With very few exceptions, liberals in the United States favor high levels of immigration; and the American left goes further, calling to “Abolish ICE” (a reference to Immigration Customs and Enforcement, America’s border security agency). But developments in Europe suggest this near-unanimity could one day shatter.
Since the end of World War II, Europe’s left has overwhelmingly seen the free movement of labor and immigration as the best ways to challenge corporate interests; in the words of progressive writer David Adler (on whose article, “Meet Europe’s Left Nationalists,” I have relied here), these “hastened the pace of history and heightened capitalism’s contradictions.”… Seguir leyendo »
In the words of a veteran Washington hand, the problem of the United Nations Relief and Works Agency (UNRWA), the main U.N. agency dealing with Palestinians, is always important but never urgent.
Well, it just became urgent.
That’s because President Trump tweeted “with the Palestinians no longer willing to talk peace, why should we make any of these massive future payments to them?” Then, U.S. ambassador to the United Nations Nikki Haley added that the U.S. government is prepared to cut off funds to UNRWA. And, Axios reported, a U.S. payment of $125 million was not delivered (though that was later denied).… Seguir leyendo »
“The novelty and magnitude of Europe’s predicament make it difficult to understand, tempting to overlook, and nearly impossible to predict. Europe marches us all into terra incognita.” That’s how I closed an article 10 years ago on the topic of Islam’s future in Europe. Now, thanks to elections in France and Austria, an answer is emerging: Europeans appear not ready to “go gentle into that good night” but will “rage, rage against the dying of the light.”
True, the elites, as symbolized by Germany’s Chancellor Angela Merkel, remain in deep denial about the issues of immigration, Islamism and identity. What I call the Six Ps (politicians, press, police, prosecutors, professors and priests) refuse to acknowledge the fundamental societal changes and enormous tensions their policies are creating.… Seguir leyendo »
The Republic of Turkey, long a democratizing Muslim country solidly in the Western camp, now finds itself internally racked and at the center of two external crises, the civil war in next-door Syria and the illegal immigration that is changing European politics. The prospects for Turkey and its neighbors are worrisome, if not ominous.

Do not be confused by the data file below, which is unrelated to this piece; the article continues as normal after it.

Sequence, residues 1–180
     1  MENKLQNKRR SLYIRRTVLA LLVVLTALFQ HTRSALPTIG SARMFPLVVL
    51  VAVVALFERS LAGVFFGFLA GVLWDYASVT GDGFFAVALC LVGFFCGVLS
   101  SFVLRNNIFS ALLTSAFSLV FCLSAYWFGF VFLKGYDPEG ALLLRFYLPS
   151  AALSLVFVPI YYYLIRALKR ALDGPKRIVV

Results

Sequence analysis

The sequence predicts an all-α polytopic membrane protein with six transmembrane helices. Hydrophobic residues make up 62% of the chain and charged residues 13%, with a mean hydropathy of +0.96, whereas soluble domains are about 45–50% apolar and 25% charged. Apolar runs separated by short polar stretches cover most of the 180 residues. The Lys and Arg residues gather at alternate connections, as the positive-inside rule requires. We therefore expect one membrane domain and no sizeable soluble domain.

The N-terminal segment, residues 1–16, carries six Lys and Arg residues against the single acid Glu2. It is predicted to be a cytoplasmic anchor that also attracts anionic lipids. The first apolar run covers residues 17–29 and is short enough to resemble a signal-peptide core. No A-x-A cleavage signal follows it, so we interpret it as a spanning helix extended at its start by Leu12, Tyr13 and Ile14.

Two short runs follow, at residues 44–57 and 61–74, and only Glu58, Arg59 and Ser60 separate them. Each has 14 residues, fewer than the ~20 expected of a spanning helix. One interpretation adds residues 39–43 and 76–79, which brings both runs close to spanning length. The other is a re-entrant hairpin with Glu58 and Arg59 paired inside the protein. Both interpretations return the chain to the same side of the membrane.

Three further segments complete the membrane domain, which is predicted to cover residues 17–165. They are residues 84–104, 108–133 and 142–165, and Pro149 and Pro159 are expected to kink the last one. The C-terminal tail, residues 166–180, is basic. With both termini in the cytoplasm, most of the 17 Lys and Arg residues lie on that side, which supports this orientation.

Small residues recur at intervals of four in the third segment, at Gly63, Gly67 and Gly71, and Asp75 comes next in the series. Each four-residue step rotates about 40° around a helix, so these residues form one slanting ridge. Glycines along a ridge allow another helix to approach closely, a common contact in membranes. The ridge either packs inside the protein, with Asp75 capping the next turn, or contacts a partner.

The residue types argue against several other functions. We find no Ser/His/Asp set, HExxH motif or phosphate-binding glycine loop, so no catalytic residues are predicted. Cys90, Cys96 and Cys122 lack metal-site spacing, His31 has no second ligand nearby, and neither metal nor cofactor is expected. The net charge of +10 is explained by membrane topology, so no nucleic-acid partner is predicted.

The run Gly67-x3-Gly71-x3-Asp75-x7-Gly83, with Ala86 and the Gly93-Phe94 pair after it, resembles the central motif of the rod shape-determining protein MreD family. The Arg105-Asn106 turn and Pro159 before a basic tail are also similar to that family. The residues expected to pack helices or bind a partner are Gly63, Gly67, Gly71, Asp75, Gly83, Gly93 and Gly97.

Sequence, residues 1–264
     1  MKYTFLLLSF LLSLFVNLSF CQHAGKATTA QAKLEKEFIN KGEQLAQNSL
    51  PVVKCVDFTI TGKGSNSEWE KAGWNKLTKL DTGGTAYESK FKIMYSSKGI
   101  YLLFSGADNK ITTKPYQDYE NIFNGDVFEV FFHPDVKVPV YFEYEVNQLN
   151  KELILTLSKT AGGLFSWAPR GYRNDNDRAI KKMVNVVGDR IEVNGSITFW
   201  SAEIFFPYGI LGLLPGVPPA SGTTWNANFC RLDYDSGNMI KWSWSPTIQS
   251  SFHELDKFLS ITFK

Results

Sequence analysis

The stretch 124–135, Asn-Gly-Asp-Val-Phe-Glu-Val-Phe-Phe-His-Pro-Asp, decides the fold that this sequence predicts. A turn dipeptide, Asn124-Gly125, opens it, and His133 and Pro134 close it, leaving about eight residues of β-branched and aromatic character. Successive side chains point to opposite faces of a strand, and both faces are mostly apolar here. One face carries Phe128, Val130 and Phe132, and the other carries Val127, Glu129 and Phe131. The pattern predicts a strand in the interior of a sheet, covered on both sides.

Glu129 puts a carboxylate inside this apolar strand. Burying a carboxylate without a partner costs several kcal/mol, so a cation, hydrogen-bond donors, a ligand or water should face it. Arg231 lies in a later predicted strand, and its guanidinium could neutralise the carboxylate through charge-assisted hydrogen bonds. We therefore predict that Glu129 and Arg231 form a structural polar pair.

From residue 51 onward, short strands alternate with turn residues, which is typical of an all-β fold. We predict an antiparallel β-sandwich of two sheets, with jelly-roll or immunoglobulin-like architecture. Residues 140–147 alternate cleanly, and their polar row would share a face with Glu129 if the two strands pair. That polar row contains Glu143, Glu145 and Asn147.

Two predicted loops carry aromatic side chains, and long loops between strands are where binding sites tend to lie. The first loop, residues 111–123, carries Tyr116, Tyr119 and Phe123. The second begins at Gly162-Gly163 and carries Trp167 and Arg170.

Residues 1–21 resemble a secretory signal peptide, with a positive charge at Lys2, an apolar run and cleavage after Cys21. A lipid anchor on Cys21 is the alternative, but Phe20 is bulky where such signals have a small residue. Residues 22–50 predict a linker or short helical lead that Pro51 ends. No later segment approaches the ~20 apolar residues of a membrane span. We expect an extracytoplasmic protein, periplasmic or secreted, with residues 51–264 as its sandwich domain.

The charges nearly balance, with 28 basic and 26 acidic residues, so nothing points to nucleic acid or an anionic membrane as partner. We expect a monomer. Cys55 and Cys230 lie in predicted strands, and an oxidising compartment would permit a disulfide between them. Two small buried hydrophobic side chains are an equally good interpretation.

The key development was the coming to power of Recep Tayyip Erdogan in 2002, when a fluke election outcome gave him total control of the government, which he then brilliantly parlayed into a personal dominion. After years of restraint and modesty, his real personality — grandiloquent, Islamist and aggressive — came out.… Seguir leyendo »
Oil is the Middle East’s glamor product, sought after by the entire world and bringing the region wealth beyond the dreams of avarice. But water is the mundane resource that matters even more to locals for, without it, they face the horrible choice of leaving their homes or perishing within them.
That choice may sound hyperbolic, but the threat is real. Egypt stands out as having the largest population at risk and being the country, other than Iraq and Yemen, with the most existential hydrologic problem.
As every schoolchild learns, Egypt is the gift of the Nile and the Nile is by far the globe’s longest river.… Seguir leyendo »
At a time of civil war, anarchy, extremism and impoverishment in the Middle East, the city-states of Dubai and Abu Dhabi stand out as the places where Arabic speakers are flourishing, innovating and offering a model for moving forward.
But can it last? I recently visited the United Arab Emirates to seek answers.
To begin with, some basic facts: Once called the Trucial States by British imperialists, the UAE consists of seven small monarchies bordering the Persian Gulf. They banded together in 1971, as the British retreated, to form a single federation.
The country has been doubly blessed: oil and gas abundance along with a smart and commercially minded group of leaders.… Seguir leyendo »
Partial no-go zones in majority-Muslim areas are a part of the urban landscape from the Mediterranean to the Baltic, with the French government alone counting 751 of them. This shirking of responsibility foreshadows catastrophe and calls for immediate reversal.
I call the bad parts of Europe’s cities partial no-go zones because ordinary people in ordinary clothing at ordinary times can enter and leave them without trouble. But they are no-go zones in the sense that representatives of the state — police especially, but also firefighters, meter-readers, ambulance attendants and social workers — can only enter with massed power for temporary periods of time.… Seguir leyendo »